Despite sitting on the opposite side of the aisle, Gwinnett’s senator and a congressman agree with one thing in President Obama’s State of the Union address.
They too have hopes that 2014 will be “a year of action.” But for Republican Sens. Saxby Chambliss and Johnny Isakson and U.S. Rep. Rob Woodall, they have a different plan in mind.
“I understand the president’s frustration over inaction in Congress – I feel the same way,” Chambliss said in a statement. “However, Americans don’t want more job-killing regulations and directives from Washington. Americans want pro-growth policies that will invigorate our economy and create new jobs. Instead of finding ways to work around Congress, the president should commit to work with us on passing bipartisan solutions, such as reforming entitlements or simplifying the tax code.”
Woodall said he will work to ensure that the House takes action, but he said he is frustrated with the Senate, which has failed to take up 171 bills that have been passed in the House.
“In these times of divided government the task of building consensus is difficult but absolutely crucial,” Woodall, R-Lawrenceville, said. “Sadly, the president spoke much more forcefully about his willingness to go it alone than about his willingness to build solutions together. We cannot simply sit still while the country atrophies with partisanship, but neither can we allow the executive branch of government to assume more power than the Constitution allows. Notwithstanding his words tonight, my hope is that the president, and my colleagues in both the House and Senate, will embrace this constitutional directive and craft the collaborative solutions that our founders intended. The American people and the future of our great republic depend upon it.”
Isakson had a list of initiatives he wants to see action on in 2014, including the reauthorization of the Workforce Invesment Act, the Keystone XL Pipeline agreement and trade promotion authority to make more aggressive agreements, all of which would add jobs.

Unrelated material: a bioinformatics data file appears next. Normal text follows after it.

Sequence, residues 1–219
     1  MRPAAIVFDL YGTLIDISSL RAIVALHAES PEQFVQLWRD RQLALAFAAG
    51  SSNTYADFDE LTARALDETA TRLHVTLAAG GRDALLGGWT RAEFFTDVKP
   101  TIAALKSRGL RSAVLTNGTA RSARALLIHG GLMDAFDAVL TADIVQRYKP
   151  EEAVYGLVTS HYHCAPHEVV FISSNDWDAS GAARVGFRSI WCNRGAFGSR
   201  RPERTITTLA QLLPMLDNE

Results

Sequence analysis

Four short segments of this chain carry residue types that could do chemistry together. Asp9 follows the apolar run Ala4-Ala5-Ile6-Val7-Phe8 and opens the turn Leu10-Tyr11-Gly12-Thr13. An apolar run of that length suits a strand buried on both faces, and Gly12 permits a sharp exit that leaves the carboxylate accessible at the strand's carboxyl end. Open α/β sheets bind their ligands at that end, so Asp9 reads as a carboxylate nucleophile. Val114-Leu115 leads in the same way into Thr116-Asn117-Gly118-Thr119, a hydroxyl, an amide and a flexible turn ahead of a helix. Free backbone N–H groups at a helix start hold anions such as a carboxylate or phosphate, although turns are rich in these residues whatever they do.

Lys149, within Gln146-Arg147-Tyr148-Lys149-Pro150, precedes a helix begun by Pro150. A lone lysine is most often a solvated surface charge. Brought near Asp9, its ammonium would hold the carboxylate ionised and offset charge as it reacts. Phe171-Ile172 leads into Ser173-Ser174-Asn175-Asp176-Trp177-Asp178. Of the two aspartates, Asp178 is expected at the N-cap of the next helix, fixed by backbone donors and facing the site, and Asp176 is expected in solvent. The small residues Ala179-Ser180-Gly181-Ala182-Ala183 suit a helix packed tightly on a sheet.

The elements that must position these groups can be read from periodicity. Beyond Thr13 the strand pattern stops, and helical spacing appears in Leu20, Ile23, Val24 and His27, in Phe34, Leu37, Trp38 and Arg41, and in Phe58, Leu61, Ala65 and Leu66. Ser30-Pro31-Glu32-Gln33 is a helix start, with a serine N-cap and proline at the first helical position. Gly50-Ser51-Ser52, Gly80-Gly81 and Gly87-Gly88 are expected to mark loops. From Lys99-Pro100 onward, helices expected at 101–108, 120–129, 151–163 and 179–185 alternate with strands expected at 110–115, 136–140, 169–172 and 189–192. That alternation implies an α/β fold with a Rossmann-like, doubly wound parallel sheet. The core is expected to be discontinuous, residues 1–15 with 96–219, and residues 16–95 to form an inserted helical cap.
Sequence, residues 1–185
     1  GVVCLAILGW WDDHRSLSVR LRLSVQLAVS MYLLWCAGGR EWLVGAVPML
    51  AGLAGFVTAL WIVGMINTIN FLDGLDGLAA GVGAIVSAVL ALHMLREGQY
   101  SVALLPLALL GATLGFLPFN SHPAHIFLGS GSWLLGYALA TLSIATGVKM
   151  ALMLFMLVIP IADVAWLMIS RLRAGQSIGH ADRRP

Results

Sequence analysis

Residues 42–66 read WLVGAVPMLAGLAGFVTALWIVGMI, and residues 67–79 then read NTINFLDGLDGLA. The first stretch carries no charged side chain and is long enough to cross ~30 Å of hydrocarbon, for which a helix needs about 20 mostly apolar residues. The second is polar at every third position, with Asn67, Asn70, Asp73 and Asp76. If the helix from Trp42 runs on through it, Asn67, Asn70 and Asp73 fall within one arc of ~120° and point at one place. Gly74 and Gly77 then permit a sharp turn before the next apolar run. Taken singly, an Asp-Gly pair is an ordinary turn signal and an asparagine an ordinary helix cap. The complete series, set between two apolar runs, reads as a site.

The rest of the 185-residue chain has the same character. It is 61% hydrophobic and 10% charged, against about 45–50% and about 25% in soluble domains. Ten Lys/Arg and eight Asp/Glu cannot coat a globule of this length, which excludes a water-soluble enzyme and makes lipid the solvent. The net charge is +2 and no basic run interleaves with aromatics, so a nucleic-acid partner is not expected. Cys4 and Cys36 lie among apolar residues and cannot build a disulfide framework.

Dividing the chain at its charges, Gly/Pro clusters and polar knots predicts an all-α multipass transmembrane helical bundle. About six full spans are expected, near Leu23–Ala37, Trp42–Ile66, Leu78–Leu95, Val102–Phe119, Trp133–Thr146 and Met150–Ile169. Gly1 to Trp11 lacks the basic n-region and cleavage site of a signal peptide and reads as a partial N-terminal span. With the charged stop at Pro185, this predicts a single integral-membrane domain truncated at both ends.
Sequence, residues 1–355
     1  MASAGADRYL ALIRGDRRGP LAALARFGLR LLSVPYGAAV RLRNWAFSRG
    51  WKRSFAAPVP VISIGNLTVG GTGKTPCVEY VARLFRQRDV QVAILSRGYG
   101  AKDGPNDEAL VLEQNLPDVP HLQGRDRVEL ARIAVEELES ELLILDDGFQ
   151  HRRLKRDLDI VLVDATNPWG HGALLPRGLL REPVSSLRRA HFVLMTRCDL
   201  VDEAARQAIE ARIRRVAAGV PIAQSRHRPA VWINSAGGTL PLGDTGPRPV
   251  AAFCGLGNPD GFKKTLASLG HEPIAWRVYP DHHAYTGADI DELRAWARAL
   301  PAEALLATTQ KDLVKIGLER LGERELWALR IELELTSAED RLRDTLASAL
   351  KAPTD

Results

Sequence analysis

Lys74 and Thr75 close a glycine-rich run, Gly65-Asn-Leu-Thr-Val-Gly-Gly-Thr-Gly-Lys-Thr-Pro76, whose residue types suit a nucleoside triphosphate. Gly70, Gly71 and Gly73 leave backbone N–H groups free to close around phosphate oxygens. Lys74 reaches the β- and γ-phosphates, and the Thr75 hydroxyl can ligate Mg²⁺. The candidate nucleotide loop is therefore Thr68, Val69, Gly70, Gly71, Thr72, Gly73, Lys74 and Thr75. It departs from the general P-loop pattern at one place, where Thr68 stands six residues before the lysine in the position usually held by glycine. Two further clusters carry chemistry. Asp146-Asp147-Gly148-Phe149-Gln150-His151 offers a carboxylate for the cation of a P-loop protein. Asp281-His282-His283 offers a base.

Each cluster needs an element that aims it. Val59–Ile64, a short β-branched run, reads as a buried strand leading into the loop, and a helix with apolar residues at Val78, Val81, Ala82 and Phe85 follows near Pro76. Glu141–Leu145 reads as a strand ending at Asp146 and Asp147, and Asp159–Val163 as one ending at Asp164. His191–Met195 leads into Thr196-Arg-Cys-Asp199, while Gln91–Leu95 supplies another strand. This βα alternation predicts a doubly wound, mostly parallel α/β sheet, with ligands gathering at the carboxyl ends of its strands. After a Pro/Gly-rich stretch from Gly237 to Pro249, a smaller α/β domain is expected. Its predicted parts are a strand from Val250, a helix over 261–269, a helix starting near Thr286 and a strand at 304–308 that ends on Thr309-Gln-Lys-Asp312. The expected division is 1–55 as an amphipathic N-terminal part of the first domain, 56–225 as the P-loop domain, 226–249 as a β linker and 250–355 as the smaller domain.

“America is not on the right track. Since the president took office, median household income is down nearly $4,000, job opportunities are less during this protracted time of unemployment, and the American people are concerned for their future and the future of their children,” Isakson said.
“… Furthermore, we need to address Obamacare, which is inflicting a great deal of pain on the American people, especially in terms of higher premiums, cancelled coverage and fewer choices. Obamacare is also causing Americans to lose their jobs or forcing them into part-time employment.”
U.S. Rep. Hank Johnson, a Democrat who represents part of Gwinnett, said he hopes to concentrate on wages and other employment issues.
“What we saw (Tuesday night) was an upbeat, positive speech. America has a hard-earned right to that optimism thanks to the grit and determination of citizens across the country. Five years after President Obama inherited the worst economic crisis since the Great Depression, our businesses have created more than eight million new jobs in the past four years, and they’re primed to create more,” Johnson said. “But income inequality continues to plague our society. Increasing the minimum wage for those working on new federal contracts is a good first step. All hard-working Americans should have a living wage to support their families and make ends meet.
“I look forward to working with President Obama to grow the economy, strengthen the middle class, and to empower all those hoping to join the middle class,” he added. “And I look forward to working with my colleagues on wages, making college more affordable, boosting high-tech manufacturing and ensuring retirement security for all Americans.”
Volunteer kickoff planned for Meek
Gwinnettians interested in helping a political campaign can learn more about the opportunity Thursday.
Alfie Meek, the former county economist now running for Gwinnett’s District 4 coommission seat, will host a volunteer recruiting event from 7 to 8:30 p.m. at The Overlook Apartment Homes Club House at Gwinnett Stadium in Lawrenceville.
“I appreciate that a victorious campaign takes a tremendous amount of help and I truly want to reach out to as many constituents who, like me, seek honesty, transparency and fairness for Gwinnett County. I am hopeful for a plenteous and effective volunteer team, and I look forward to meeting as many new folks as humanly possible,” Meek said.
“Yard signs, meet and greets, phone calls, writing post cards, and knocking on doors are just a few of the ways that volunteer team members can help the campaign,” he added.
Light appetizers will be served at the volunteer kick-off.
Political Notebook appears in the Thursday and Sunday editions of the Gwinnett Daily Post.
Camie Young can be reached via email at firstname.lastname@example.org.
For archived columns, go to www.gwinnettdailypost.com/politics.